Working Together to Build Safe Neighborhoods
Volunteer Approval Process
Canyons District has established procedures in line with state law, which requires background screenings for prospective school volunteers. All volunteers in schools, including members of the PTA and School Community Council, need to complete and submit a new Volunteer Application annually. There are two types of volunteers: supervised and unsupervised. Supervised volunteers are always within sight of other adults and never alone with a child. Unsupervised volunteers, which may include overnight travel chaperones, costume-fitters, or coaching assistants, must undergo a more thorough FBI criminal screening, which is managed by the school principal in coordination with CSD’s Human Resources Department. These FBI screenings are good indefinitely. All schools use a computer system to check-in volunteers and confirm that they have been cleared to work with students.
The safety and welfare of children is a communitywide priority in Canyons District where schools work hand-in-hand with cities, first responders, non-profit groups and citizens to safeguard neighborhoods and prepare for emergencies. From the contributions of our parent volunteers and PTA to the policing efforts of our School Resource Officers and the crossing guards hired by municipal partners to help students safely get to and from school—it takes all of us to put kids first.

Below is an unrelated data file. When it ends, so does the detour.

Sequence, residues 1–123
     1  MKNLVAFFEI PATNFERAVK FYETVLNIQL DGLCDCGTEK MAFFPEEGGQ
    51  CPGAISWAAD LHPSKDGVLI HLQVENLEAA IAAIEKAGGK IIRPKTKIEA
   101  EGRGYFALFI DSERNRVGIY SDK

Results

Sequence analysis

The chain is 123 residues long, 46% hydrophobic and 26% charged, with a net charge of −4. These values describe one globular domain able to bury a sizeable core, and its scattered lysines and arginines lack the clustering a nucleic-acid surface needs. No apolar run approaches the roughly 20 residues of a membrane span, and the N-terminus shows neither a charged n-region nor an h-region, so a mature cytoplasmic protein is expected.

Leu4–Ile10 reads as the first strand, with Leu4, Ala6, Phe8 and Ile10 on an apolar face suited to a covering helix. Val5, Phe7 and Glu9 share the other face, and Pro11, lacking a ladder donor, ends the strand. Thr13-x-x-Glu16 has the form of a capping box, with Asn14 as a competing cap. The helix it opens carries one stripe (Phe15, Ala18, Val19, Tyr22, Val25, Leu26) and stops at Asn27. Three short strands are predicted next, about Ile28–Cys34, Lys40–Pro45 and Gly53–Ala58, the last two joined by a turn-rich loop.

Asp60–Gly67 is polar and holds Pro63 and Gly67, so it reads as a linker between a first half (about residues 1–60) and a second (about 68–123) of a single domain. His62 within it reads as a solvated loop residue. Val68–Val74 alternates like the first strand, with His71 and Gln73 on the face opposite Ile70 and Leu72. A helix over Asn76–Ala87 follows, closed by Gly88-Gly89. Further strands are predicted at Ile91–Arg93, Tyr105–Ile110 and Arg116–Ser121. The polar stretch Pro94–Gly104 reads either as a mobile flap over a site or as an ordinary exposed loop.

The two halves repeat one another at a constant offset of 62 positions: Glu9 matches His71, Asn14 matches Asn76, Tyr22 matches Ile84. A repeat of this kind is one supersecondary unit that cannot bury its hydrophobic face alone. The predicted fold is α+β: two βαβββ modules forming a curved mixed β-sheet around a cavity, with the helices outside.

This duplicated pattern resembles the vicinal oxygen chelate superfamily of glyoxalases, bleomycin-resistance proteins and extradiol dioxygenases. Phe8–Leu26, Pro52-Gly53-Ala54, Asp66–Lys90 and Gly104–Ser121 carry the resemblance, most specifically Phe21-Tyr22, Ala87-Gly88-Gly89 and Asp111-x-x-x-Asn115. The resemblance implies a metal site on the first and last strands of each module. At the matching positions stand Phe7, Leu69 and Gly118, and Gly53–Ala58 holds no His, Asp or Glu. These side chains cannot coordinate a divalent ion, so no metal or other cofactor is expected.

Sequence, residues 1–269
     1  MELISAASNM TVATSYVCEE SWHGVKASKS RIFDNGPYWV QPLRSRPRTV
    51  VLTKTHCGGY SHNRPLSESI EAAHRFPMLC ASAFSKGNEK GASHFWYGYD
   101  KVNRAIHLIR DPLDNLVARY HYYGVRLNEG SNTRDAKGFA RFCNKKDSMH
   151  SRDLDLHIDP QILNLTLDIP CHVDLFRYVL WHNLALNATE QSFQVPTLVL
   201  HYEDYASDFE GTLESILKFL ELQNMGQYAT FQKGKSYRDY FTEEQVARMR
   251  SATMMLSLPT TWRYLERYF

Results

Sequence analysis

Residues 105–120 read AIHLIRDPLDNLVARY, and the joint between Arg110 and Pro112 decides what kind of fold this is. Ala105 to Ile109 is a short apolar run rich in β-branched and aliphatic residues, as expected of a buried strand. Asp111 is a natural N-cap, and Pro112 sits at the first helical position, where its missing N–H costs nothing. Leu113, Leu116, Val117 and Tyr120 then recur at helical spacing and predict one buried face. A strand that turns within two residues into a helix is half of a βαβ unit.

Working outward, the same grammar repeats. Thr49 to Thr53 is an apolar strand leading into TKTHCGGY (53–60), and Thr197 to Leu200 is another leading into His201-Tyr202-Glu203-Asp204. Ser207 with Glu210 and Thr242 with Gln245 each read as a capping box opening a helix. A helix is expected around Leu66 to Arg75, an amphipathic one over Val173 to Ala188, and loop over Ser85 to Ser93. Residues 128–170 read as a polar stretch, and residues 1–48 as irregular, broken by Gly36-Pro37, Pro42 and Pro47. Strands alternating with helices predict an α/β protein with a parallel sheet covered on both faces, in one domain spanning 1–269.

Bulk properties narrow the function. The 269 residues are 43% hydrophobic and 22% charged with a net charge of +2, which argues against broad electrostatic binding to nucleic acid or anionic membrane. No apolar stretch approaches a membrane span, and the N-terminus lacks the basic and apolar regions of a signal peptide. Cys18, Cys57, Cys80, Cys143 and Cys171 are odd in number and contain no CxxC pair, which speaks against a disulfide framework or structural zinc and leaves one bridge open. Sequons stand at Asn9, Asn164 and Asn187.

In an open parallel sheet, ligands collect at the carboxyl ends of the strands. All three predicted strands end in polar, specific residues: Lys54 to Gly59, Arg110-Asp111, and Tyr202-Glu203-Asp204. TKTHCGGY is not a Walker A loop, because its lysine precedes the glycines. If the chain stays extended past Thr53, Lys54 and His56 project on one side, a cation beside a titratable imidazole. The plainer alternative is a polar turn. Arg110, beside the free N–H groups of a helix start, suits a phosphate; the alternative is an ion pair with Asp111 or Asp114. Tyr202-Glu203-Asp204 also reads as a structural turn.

- School Resource Officers are sworn law enforcement personnel whose salaries are co-funded by the District. They serve and protect our schools while also mitigating criminal behavior by building trusting relationships with students so they can feel comfortable reporting suspicious activity. They also sponsor anti-drug and –violence activities, such as the Drug Abuse Resistance Education (DARE) program.
- Canyons District is a member of the S.A.F.E. Neighborhoods Program. In partnership with the American Red Cross, local governments, and school districts, SAFE – an acronym for Schools Aid Families in Emergencies —trains community volunteers to mobilize as a neighborhood and operate their own Incident Command centers until outside help arrives. The idea behind it is to build the capacity of neighbors to help neighbors in the 96 hours immediately following a catastrophic event – the amount of time that it can take for first responders to reach those in need. In the event of a major emergency, elementary schools become hubs for communities to gather and organize. All of our elementary schools store a large black tote containing maps and radio frequencies — everything that CERT teams, ham radio operators and other do-gooders need to set up a communications hub, begin search-and-rescue operations and reunify families.